Social workers are operating in an arena that can at times be complex, ambiguous and unpredictable. They hold a range of knowledge of both theory and legislation as well as the skills and confidence to be able to manage the competing demands and expectations of their professional role. 

Social workers work increasingly in diverse and multidisciplinary services and settings across the public, third and independent sector. While roles may vary according to specific services, they are underpinned by a core set of knowledge and skills. Developing in your career as an NQSW sets the foundations for undertaking this role.

Reserved function of the social worker

There are a range of clear and reserved functions social workers are accountable for. These functions are integral to formal statutory interventions relating to care and protection, criminal justice, mental health and adults with incapacity, and the professional leadership role of a chief social work officer (CSWO). In undertaking these functions social workers are required to balance competing needs, rights and risks. The decisions they make in exercising these functions need to draw on a range of appropriate sources of knowledge and evidence and be person-centred; considering the views of multi-agency partners and communicated effectively to a range of stakeholders.

However, these functions alone do not reflect every aspect of social work practice and the contribution social workers make in different services and practice settings. Social workers ensure robust safeguarding by offering advice and support underpinned by their understanding of statutory frameworks. They support colleagues by championing strengths-based and person-centred planning and care. They challenge deficit-based practice while recognising the wider family and systemic context. 

Being a social worker

Social workers work in complex social situations to support and protect individuals and groups and promote their well-being.  Social workers must be aware of their responsibility to promote the well-being, support and protection of vulnerable children or adults at risk of harm or abuse irrespective of role, setting and situation.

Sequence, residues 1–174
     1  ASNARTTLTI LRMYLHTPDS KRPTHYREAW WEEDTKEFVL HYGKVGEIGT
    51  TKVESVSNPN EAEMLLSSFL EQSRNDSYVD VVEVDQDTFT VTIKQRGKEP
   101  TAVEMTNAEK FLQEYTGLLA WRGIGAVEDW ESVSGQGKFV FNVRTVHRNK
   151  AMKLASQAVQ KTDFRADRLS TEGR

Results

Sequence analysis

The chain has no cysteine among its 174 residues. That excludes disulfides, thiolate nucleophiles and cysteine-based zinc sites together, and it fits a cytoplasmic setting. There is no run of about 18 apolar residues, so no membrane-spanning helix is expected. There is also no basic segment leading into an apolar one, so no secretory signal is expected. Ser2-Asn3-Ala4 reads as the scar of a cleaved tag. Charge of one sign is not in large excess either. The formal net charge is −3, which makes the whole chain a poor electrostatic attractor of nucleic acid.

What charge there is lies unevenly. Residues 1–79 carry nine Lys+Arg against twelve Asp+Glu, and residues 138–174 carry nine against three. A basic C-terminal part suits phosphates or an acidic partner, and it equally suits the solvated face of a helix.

Social workers need to be able to act effectively in these demanding circumstances and, to achieve this, social workers must be able to critically reflect on, and take responsibility for, their actions.  Social workers should demonstrate engagement with their on-going learning and professional development and should inform practice through critical analysis and reflection, using research and evidence appropriately to support professional decision making.

Since the nature, scope and purpose of social work services themselves are often fiercely debated, social workers should also be able to understand these debates fully and to analyse, adapt to, manage and promote change. 

Social workers should be aware of personal and professional wellbeing and resilience, seeking appropriate support to maintain a positive work/life balance.

Head icon with gears to indicate reflective thinking

Reflective questions

  • What have you learned about yourself going through the process from student to NQSW?
  • What are your feelings about being a registered social worker and on a professional register?
  • What difference do you think it will make to your practice?